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A rare primary glomerular disease characterized by the association of congenital nephrotic syndrome, early onset renal failure and ocular anomalies with microcoria and severe neurodevelopment deficits.
ORPHA:2670Classification level: Disorder
Less than 70 cases have been described in the literature to date.
Presentation is typically with congenital microcoria and heavy proteinuria. Proteinuria is usually nephrotic range, at or shortly after birth and progresses rapidly to early onset renal failure. The histological finding is usually diffuse mesangial sclerosis characterized by small and condensed appearance of glomerulus in which mesangial region shows some collagenous tissue. Ocular anomalies are usually bilateral but may vary in severity which include microcoria, iris hypoplasia, posterior embryotoxon, megalo- or microcornea, cataract, lenticonus, persistent fetal vasculature, retinal detachment, glaucoma, and phthisis bulbi. Neurological manifestations include severe global development delay, marked muscle hypotonia, movement disorders, and blindness. It should be noted that some cases with this disease show mild phenotypes of late onset proteinuria without ocular or neurological abnormalities.
Mutations in the LAMB2 gene (3p21) encoding laminin beta 2 have been identified. Laminin beta 2 is expressed in the glomerular basement membrane, at the neuromuscular junctions, as well as in the intraocular muscles, lens and retina.
Early onset severe proteinuria accompanied by ocular anomalies are rare. Therefore, in typical cases, it is relatively easy to suspect this disease. Lowe syndrome (proteinuria, mostly low molecular weight protein, and congenital cataract) or renal-coloboma syndrome (due to PAX2 gene pathogenic variants) can be candidates for differential diagnosis.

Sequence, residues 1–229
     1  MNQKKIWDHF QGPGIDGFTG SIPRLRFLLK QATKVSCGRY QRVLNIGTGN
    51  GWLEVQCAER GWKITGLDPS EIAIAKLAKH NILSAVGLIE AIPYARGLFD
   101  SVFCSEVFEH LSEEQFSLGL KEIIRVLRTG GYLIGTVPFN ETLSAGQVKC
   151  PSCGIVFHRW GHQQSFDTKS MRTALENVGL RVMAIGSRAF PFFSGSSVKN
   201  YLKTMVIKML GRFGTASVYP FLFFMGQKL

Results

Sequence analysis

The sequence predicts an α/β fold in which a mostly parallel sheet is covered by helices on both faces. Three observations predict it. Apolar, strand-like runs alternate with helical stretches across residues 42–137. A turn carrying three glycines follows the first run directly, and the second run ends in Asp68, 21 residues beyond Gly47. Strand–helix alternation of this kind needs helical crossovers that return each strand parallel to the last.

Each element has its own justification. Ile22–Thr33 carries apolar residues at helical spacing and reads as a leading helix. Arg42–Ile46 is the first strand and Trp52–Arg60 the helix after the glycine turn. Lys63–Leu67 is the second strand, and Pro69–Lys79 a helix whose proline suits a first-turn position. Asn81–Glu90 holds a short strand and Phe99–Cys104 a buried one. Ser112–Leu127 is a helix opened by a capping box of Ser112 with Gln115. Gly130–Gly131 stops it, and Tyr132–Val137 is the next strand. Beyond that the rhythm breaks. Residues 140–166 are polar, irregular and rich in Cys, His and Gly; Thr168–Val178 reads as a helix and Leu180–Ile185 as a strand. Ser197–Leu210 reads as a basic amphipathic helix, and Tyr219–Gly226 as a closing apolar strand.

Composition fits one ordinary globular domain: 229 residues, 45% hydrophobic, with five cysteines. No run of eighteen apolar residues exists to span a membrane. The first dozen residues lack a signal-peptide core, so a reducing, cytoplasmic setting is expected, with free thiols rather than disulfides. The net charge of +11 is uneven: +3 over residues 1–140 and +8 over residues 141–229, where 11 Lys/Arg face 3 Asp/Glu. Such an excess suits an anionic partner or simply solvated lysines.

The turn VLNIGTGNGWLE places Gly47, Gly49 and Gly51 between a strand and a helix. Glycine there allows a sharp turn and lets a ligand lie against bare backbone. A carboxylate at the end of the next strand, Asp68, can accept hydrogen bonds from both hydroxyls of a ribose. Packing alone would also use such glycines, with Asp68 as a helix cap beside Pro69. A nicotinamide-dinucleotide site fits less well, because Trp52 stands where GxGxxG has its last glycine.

Prenatal diagnosis is difficult, but sometimes may be suspected on hyperechogenic kidneys and oligohydramnios. Only genetic testing allows early and reliable prenatal diagnosis. Prenatal diagnosis may be offered to families in which the disease-causing mutation has already been identified in affected siblings.
The disease is transmitted as an autosomal recessive trait. Where both parents are unaffected carriers of the disease, there is a 25% risk of transmission to offspring. Carrier testing of healthy family members is possible where the mutation has been identified in a family with at least one affected member.
Management and treatment
There is no specific treatment available. Since protein loss is limited, nephrectomy to prevent protein loss to urine is rarely needed. Angiotensin converting enzyme (ACE) inhibitors could help reduce urine protein loss and can delay the progression to end-stage kidney disease (ESKD) due to their renal protective effects. Renal replacement therapies including kidney transplantation are successfully employed. To date, there is no-evidence of disease-recurrence reported in the grafts after kidney transplantation. Careful ophthalmological follow up is required for the care of retinal detachment.
The kidney prognosis is severe with most patients progressing towards renal failure within the first year of life. Visual prognosis is generally poor: visual acuity ranges from no light perception to 20/200. Mild to severe intellectual disability is always observed. Survival into adult is reported with renal replacement therapies.
A summary on this disease is available in Deutsch (2007) Italiano (2007) Português (2007) Español (2020) Français (2020) Nederlands (2020) Japanese (2020, pdf)
Disease review articles
- Review article
- Español (2014) - An Pediatr Contin
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